Is it possible that a distillery like Wild Turkey made a new whiskey by mistake… and that it turned out so well they decided to commercialize it? Well, I don’t want to get in the way of a self-described “wild tale” or this new whiskey, the first-ever widely produced whiskey that’s a blend of bourbon and rye.
Made from 78 percent 6-year-old bourbon and 22 percent 4-year-old rye, Forgiven is immediately a curiosity, though well in line with the Wild Turkey repertoire. The nose is well installed in bourbonland: Big, lumberyard sawdust notes which immediately come across as something much older than a mere 6 years of age. Mild vanilla notes come across alongside them, but the dominant aroma is purely, simply wood.
On the body there’s fortunately more to discover. Creamy marshmallow backed up with milk chocolate, some apple, and a touch of spice are well evident on the palate. Of course, there’s plenty of wood to go along with it, and here it’s almost overpowering. As for that rye, it’s not much more evident than in a high-rye bourbon. There is a slight kick on the back end as a little red pepper shows itself, but otherwise, you’d be fully forgiven (get it?) for thinking this was just a big, woody bourbon.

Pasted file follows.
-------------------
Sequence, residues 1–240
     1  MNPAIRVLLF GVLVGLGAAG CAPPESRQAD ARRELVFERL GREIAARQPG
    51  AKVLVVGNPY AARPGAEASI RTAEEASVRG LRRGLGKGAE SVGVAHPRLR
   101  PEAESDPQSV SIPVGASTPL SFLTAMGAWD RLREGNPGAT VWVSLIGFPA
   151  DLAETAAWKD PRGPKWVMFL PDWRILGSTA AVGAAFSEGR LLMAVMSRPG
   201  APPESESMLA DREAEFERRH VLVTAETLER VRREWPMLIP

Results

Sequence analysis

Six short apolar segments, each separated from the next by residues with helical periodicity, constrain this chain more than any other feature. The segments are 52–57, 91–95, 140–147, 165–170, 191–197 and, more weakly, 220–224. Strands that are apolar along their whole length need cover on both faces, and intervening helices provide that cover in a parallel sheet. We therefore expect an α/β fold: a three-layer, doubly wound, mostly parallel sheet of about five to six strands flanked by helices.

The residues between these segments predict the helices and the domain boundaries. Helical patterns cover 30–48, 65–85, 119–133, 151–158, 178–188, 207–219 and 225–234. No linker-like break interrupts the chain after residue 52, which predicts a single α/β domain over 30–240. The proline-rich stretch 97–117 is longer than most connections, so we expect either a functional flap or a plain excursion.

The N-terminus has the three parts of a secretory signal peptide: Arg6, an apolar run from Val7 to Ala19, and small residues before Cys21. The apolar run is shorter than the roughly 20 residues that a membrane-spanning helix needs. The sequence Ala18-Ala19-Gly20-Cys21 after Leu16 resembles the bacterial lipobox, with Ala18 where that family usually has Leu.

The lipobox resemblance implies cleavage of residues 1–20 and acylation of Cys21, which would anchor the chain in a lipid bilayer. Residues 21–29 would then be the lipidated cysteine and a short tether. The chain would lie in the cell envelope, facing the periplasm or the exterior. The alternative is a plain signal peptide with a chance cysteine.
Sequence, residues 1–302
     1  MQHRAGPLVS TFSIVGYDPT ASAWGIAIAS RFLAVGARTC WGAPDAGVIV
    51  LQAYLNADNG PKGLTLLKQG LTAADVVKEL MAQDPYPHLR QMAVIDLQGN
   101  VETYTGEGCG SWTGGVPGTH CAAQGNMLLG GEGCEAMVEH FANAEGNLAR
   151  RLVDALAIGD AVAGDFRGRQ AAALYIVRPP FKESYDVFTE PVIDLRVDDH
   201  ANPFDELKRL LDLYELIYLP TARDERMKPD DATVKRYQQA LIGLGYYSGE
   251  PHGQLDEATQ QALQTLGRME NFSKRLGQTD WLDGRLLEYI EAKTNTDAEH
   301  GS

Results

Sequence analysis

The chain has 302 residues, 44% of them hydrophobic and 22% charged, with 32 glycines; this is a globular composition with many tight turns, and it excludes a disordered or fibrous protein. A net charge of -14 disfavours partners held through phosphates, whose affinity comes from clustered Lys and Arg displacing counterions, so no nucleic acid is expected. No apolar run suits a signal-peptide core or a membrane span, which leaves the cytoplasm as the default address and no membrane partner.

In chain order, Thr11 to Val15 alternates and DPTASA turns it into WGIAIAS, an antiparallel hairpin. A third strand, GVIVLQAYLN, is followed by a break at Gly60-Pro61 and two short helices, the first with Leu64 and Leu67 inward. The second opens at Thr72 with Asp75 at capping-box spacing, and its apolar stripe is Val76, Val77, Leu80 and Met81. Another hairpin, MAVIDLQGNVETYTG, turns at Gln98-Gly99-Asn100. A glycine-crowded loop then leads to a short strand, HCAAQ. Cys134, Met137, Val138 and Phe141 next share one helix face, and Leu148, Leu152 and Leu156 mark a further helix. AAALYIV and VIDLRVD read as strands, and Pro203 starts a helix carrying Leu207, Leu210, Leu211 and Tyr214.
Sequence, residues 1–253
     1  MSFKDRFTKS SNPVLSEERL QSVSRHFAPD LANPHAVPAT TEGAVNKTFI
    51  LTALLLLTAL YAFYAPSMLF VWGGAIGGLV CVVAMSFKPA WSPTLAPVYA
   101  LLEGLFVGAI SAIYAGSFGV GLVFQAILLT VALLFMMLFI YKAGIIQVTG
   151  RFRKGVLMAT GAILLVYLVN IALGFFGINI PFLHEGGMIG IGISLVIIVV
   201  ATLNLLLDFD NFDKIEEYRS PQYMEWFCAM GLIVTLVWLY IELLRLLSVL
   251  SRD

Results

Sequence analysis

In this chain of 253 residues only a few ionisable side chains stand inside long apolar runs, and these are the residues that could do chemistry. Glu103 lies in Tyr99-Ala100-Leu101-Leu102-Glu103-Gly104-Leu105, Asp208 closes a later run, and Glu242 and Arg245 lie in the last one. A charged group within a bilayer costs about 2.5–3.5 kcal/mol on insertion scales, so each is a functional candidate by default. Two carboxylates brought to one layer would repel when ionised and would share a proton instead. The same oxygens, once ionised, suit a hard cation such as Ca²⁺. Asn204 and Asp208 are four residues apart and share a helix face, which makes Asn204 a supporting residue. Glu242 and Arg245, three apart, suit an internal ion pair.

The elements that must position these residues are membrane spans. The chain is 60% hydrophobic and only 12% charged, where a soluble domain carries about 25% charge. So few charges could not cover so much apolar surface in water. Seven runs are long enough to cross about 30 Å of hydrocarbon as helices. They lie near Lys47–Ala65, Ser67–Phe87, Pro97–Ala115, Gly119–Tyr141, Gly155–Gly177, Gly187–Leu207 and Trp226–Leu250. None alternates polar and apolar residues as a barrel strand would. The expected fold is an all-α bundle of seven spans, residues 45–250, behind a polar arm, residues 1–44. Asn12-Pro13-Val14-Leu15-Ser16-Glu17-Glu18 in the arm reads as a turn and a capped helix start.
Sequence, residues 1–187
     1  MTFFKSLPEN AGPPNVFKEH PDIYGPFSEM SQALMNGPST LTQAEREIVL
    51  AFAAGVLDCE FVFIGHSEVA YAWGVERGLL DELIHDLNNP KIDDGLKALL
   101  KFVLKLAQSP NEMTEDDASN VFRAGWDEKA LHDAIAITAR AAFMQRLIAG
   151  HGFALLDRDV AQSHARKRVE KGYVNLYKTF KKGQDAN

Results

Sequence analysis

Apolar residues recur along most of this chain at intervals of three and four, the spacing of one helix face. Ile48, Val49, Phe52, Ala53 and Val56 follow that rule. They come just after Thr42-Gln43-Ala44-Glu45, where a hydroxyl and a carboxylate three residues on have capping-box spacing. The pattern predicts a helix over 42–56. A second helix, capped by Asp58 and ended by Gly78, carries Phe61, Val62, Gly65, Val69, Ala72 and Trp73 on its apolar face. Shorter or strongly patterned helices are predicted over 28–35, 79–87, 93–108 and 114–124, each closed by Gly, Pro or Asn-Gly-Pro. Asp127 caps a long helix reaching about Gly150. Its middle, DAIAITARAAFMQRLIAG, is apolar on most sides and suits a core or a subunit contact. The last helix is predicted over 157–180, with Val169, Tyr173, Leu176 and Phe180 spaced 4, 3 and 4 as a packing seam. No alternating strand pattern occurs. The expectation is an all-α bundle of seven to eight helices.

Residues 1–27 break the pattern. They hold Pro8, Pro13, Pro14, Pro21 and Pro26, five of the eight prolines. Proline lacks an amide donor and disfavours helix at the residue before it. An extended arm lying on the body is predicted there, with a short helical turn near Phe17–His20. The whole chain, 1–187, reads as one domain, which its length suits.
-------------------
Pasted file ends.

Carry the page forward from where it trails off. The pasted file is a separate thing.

Forgiven is fine for a sipping whiskey, but I’m unconvinced that it adds anything new to the Wild Turkey pantheon. I’m happy to drink it — it’s completely harmless — but it just doesn’t have a lot of nuance that you’ll find either in straight bourbon or standard rye.
Was this truly an accidental discovery? It seems absurd to suggest that no one has blended two whiskeys together in the past — Wild Turkey makes plenty of both of these spirits — but having experienced the final product of putting them together, it’s easy to see why a mixture like this has never been commercialized until now. There just wasn’t any point.